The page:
World War II vet finally gets his medals

World War II vet Ralph Avery of Claverack, NY finally got the medals he earned serving in the U.S. Navy. (Photo courtesy WNYT via NBC News)


CLAVERACK, NY (WNYT) – A World War II veteran has finally received some long overdue medals.

91-year-old Ralph Avery of Claverack, New York was at Omaha Beach during World War II. He went back in later years to see thousands and thousands of white crosses there.

“I would have liked to stop and say a prayer at each one of them, but if I did, I’d still be there,” said Avery. “All those guys weren’t as lucky as I was. And I say my prayers every night to be sure I’m not dreaming.”

Avery came home from war, and like many veterans he went on with his life, working and raising a family.

Recently, his wife Dorothy went on a search for his service records.

“She reached out to us, and our office worked with the Department of Defense to get those records and then we said, well, we’re getting the records, let’s get the medals,” said Congressman Chris Gibson.

It took eight months of hard work for Congressman Gibson’s office, culminating in a medal presentation to the Navy veteran in Gibson’s office in Kinderhook.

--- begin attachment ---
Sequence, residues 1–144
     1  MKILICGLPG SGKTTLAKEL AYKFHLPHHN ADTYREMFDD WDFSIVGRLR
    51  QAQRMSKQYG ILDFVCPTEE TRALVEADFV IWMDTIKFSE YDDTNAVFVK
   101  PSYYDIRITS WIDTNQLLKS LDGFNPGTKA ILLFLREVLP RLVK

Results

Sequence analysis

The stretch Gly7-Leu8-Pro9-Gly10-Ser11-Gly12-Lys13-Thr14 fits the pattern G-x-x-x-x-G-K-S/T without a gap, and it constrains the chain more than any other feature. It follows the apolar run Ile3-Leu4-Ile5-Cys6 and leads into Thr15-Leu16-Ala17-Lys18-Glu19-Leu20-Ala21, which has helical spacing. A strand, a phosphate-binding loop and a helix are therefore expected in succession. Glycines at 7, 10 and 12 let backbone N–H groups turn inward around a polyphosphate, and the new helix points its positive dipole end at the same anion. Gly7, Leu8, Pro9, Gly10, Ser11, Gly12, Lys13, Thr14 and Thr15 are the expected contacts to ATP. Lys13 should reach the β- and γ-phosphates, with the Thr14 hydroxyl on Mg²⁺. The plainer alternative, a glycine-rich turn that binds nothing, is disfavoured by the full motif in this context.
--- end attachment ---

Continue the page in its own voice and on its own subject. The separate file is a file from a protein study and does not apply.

Avery, who took part in the dangerous and deadly operation that ended up changing the course of history, was awarded medals including the Combat Action Ribbon and the World War II Victory Medal.

“I really can’t say. I’m so proud, I did what I was taught to do,” said Avery, after receiving the medals. “I was one of the lucky ones that made it out of there. It’s 70 some years ago and it seems just like yesterday when all this happened, so you never actually get rid of it.”

Avery remembers the friends that made it back, and those who didn’t. He is grateful for the help of Congressman Gibson.

“He deserves an awful lot of credit because he did a wonderful job. It just made us feel more to home than we did before,” said Avery.

And now this member of the Greatest Generation, who many call a hero, was recognized for his courage and sacrifice on behalf of a grateful nation.

In remembering his war-time service, Avery said if he had to do it again, he wouldn’t want to do it, but he wouldn’t refuse.

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